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How frequently do people bring up that goddamn Portlandia "Pickle That" skit to you? Yeah, that's pretty annoying. [laughs]

I like that you pickle and sell celery. Not many people jar that, and it's an underrated pickling vegetable. It really absorbs the flavors and maintains its crunchiness. Aside from that, what are some of your favorite pickling vegetables and why? Celery is the sleeper pickle. People write it off because, 'Oh, it's bitter and weird.' But I definitely had people tell me 'You changed my view on celery.' And that recipe is rad. It's sweet, it's got honey, Champagne vinegar, but a lot of red pepper chili flake and black peppercorn, so it's hot and sweet.

I've got about 40 recipes that are dialed in and I do throughout the season, and I have the Pickle of the Month Club, which is fun. I do some of the standards, beets, red onion, cauliflower, fennel, asparagus, carrots, bread and butter relish, basil beans.

Why no cucumbers? I did some market research and realized the market [is] flooded [with] cucumber pickles. I love them, I make them, but I don't sell them in jars.

You use a lot of white wine vinegar and apple cider vinegar. Do you prefer that over white distilled, which is common? I use red wine, white wine, apple cider, and in the celery I mix some Champagne vinegar in. Distilled white is great because it's inexpensive, but the wine vinegars have a nice flavor. The bread and butter use apple cider, so it has a sweetness that complements the flavor. I use Four Monks brand. White wine vinegar is used the most, but I like to mix it up because each has something different to offer for different vegetables.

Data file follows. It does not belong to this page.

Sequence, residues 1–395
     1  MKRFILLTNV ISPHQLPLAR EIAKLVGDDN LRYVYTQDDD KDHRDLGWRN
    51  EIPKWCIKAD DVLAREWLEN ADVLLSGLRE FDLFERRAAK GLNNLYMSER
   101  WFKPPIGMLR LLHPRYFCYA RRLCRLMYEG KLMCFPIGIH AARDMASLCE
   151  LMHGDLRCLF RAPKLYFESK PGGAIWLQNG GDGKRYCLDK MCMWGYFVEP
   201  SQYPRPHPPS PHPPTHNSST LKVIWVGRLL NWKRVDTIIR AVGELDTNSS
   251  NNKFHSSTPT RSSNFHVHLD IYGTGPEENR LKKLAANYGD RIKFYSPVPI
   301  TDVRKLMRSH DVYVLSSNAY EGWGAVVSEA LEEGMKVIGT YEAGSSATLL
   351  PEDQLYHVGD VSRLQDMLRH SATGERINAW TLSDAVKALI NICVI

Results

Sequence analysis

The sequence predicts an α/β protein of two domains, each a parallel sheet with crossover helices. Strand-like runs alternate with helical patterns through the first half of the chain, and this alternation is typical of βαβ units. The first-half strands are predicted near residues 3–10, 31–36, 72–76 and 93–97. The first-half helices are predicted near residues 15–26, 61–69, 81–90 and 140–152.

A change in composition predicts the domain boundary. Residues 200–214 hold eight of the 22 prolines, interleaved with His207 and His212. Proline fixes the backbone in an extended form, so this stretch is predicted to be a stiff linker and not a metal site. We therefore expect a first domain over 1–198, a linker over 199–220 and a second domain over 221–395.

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Another thing I use is straight white wine. The curried cauliflower is a typical pickle, but I think the white wine and fresh ginger gives it a brightness.

You mostly do vinegar-brined pickles instead lacto-fermented. Do you prefer vinegar brine over lacto-fermentation, which has been all the rage in recent years? The vinegar pickles are really good with charcuterie because they have a sharp acid. The acidity cuts through the fat. All Olympia's products are made with beautiful, beautiful pork fat, so the pickles' job is to cut through that fat, and they complement each other.

It also has to do with speed. I can boil the brine, pour it over the vegetables, and they're done in two days instead of two to three weeks. And a lot of it also has to do with space. Right now I have a hundred pounds of sauerkraut fermenting, and there's only so much space in my fermentation room.

It's kind of like cheese or beer— you've got to wait. It is a lovely, wonderful thing to ferment food, but for speed and turnover, vinegar is the way to go.

How do you develop your recipes? I'm inspired by what I can get my hands on, what's in season. I'll go through old books, find things that work, tweak them … or find super-old techniques, ways of doing things, then modernizing and adjusting. I've got certain spices I prefer and things that work, like taking asparagus and putting in allspice, nutmeg, and a little lemon peel.

I try to make pickles that have bold flavors that complement our food. Like my bread and butter zucchini—I try not to make it too sweet because it's going on a ham sandwich and the ham is already sweet. So I wanted to have more of a savory mustard flavor going on. But it depends on what I'm doing, what vegetable I'm working with. I treat them all different.

Thanks for speaking with me.